Killer who inspired Get Carter dies aged 83: Murderer convicted of 1967 ‘One Armed Bandit’ gangland killing of fruit machine cash collector passes away after long illness
- Michael Luvaglio, passed away aged 83, was convicted over notorious murder
- He and Dennis Stafford were both found guilty of the shooting of Angus Sibbet
- The so-called One Armed Bandit murder helped inspire 70s classic Get Carter
A convicted murderer, whose crime inspired 70s classic Get Carter, has died after a long illness and lengthier battle to try and clear his name.
Michael Luvaglio, passed away aged 83, after decades of efforts to prove his innocence alongside Dennis Stafford.
They were both found guilty of the shooting of Angus Sibbet, 33.
Mr Sibbet had been a money collector for a company called Social Club Services, run by nightclub kingpin Vince Landa, which supplied the region’s clubs with fruit machines.
Due to connections with the fruit machine business, his death became known as the ‘One Armed Bandit murder’.
Michael Luvagli outside the High Court in the most recent attempt to clear his name of murder
Angus Sibbet, pictured her in 1966, was the victim of the notorious One Armed Bandit murder
Elements of the famous crime inspired the 70s classic Michael Caine film Get Carter
Stafford and Luvaglio each served 12 years of their life sentences before being released on licence.
The killing helped inspire elements of the 1971 film Get Carter, which itself was an adaption of the book Jack’s Return Home.
Michael Caine played Newcastle-born gangster Jack Carter who returns home from London to avenge his brother’s murder.
Michael Luvaglio pictured at the time of his conviction for the murder of Angus Sibbet
Dennis Stafford was convicted alongside Luvaglio and also claimed he was innocent
The Mark X Jaguar saloon car where murder victim Angus Sibbet was found dead in 1967
The car containing the body was found under Pesspool Bridge in Easington, County Durham
The history of the One Armed Bandit murder
January 4, 1967 – Michael Luvaglio and Dennis Stafford are due to meet Angus Sibbet, who was a money collector for a company owned by Luvaglio’s brother that supplied fruit machines, at the Birdcage Club in Newcastle.
January 5, 1967 – Mr Sibbet’s body is found shot dead in his Jaguar under Pesspool Bridge in South Hetton, County Durham, at 5.15am by a member of the public.
January 6, 1967 – Luvaglio and Stafford are charged over the crime, which became known as the One-Armed Bandit murder.
March 15, 1967 – both men are convicted and sentenced to life in prison after claiming they were innocent of the killing. There were no eyewitnesses to the act but a possible motive suggested was that Mr Sibbet may have been suspected of skimming the takings from the business.
March, 1979 – Both of the men are freed on licence from prison after two failed appeals against their conviction.
May 28, 2002 – Stafford’s legal team say a murder conviction based on the trial evidence would not be possible in modern times.
December 18, 2006 – The Criminal Cases Review Commission turn down a 2005 request by Stafford and Luvaglio to look at the case again.
April 10, 2008 – An attempt by the pair to convince High Court judges they were the victims of a miscarriage of justice failed.
March 4, 2017 – A senior judge refuses to overturn an earlier decision by the Criminal Cases Review Commission not to send the case to the Court of Appeal.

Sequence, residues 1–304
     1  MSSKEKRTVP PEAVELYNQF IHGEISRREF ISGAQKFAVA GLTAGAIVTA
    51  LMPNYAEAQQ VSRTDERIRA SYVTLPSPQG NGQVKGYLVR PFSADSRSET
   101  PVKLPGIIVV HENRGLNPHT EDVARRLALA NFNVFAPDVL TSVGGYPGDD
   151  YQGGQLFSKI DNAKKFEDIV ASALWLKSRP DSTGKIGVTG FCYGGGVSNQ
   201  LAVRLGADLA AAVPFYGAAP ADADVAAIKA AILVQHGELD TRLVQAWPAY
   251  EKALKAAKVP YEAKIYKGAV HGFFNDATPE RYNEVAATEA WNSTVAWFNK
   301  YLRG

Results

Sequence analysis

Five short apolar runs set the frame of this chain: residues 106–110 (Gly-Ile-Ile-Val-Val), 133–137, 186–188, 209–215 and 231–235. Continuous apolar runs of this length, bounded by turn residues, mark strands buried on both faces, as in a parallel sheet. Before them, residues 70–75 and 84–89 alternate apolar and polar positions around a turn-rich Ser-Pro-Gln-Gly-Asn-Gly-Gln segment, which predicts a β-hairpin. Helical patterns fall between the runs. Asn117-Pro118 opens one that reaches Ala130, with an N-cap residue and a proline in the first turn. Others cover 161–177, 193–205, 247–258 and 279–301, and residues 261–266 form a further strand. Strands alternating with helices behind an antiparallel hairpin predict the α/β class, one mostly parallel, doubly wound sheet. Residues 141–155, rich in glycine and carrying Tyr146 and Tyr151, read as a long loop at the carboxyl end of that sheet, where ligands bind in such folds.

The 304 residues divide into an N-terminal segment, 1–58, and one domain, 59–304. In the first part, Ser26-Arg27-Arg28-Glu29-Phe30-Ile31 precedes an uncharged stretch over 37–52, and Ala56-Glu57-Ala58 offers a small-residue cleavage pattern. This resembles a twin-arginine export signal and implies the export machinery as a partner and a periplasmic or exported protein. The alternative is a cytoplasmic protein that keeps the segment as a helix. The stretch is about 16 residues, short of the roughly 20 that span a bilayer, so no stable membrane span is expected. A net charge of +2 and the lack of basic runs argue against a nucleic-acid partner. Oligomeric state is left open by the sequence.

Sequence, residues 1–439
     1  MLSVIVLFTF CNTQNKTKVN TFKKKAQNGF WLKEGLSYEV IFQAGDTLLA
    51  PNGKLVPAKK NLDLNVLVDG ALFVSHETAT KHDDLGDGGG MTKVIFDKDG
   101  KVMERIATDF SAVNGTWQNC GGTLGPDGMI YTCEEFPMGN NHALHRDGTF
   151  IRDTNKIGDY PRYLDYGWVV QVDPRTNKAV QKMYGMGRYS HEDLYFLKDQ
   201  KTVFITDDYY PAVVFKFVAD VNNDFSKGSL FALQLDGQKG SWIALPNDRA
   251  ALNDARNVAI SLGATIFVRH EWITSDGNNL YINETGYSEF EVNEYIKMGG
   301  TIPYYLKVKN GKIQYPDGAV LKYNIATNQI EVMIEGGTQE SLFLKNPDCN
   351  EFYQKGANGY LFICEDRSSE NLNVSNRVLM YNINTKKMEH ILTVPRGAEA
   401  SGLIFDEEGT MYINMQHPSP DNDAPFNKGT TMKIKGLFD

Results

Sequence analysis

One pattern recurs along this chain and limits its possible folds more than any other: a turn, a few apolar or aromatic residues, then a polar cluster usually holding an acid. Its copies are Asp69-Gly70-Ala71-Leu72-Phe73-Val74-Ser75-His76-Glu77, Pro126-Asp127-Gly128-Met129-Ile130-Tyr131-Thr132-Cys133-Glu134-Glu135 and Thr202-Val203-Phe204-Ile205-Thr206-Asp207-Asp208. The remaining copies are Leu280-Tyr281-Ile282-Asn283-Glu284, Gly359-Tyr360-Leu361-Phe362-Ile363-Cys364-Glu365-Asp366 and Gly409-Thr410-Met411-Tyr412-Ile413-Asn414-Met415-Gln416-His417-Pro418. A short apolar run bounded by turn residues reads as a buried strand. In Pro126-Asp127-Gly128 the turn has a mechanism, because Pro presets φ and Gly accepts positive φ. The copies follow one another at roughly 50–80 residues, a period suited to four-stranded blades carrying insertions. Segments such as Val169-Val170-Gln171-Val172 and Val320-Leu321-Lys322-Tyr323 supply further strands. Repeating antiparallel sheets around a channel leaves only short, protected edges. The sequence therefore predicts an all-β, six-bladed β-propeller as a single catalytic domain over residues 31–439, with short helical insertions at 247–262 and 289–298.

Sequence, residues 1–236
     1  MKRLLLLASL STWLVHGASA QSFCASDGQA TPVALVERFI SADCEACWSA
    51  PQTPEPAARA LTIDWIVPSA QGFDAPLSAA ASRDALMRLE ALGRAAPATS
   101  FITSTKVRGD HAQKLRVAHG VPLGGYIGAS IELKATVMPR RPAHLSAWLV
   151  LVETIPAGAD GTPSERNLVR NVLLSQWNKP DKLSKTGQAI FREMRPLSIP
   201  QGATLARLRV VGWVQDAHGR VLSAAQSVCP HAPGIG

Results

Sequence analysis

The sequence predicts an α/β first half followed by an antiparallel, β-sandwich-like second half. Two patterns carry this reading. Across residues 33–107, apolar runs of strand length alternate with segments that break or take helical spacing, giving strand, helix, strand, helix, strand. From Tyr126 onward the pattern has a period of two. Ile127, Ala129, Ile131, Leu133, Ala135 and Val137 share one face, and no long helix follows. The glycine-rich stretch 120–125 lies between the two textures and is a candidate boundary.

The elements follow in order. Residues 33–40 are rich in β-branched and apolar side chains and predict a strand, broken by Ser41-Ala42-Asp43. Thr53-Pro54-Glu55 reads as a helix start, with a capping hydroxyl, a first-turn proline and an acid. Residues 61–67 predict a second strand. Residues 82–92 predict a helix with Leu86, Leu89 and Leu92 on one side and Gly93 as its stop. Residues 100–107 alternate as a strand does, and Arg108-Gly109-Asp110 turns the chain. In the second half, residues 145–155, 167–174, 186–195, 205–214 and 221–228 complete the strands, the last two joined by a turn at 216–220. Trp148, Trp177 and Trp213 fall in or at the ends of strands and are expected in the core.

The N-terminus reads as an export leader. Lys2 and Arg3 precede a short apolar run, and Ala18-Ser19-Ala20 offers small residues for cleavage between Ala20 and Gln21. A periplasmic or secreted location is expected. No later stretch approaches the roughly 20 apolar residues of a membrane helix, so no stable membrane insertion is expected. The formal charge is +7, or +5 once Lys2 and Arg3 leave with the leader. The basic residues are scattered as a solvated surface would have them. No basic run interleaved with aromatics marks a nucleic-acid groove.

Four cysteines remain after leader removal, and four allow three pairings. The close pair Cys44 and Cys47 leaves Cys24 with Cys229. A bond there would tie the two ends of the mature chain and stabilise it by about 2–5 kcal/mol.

November 25, 2020 – Friend and filmmaker Neil Jackson vows to clear Luvaglio’s name after revealing he had died.
Director Mike Hodges was fascinated with the One Armed Bandit murder and used general gangland elements from it to inform the film.
Both Luvaglio and Stafford protested their innocence but bids to challenge the conviction were refused.
Luvaglio always said he did not deserve to die as a murderer in the eyes of the law.
Paying tribute to him. filmmaker Neil Jackson, of Consett, County Durham, vowed to continue the fight to clear his name.
He said: ‘I think that is the hardest thing really, Michael always said he never wanted to die legally convicted of murder.
‘We tried very, very hard but unfortunately that wish didn’t come true.
‘He never lost the hunger to overturn his conviction and although we tried so hard, I’m utterly devastated we were unable to clear his name while he was alive. He deserved that.’
Neil contacted Luvaglio about making a documentary but after forming a friendship, joined the fight for justice.
He carried out a three-year investigation and handed a dossier which contained fresh witness interviews and analysis of photo evidence, to the Criminal Case Review Commission – an independent public body set up to investigate possible miscarriages of justice.
But the attempt to have the case sent to the Court of Appeal was rejected.
He said: ‘I promised Michael when I met him that would not be the end. That’s what we will do in his memory, hopefully get someone. We still aspire to solve it.
‘We promised him we’d do it and we won’t give up.’
‘I am following a couple of leads this week and if anyone does have information they should contact me.’
Neil, 46, described Luvaglio as a ‘very kind, very thoughtful’ person who would always put others before himself.
He said: ‘I remember one year I rang at Christmas and there was all this noise in the background and he was feeding the homeless, dishing soup out. That is the sort of person he was.
‘When he left prison he set up a charity to help people with mental health problems. Hundreds and hundreds of lives he changed with that.’
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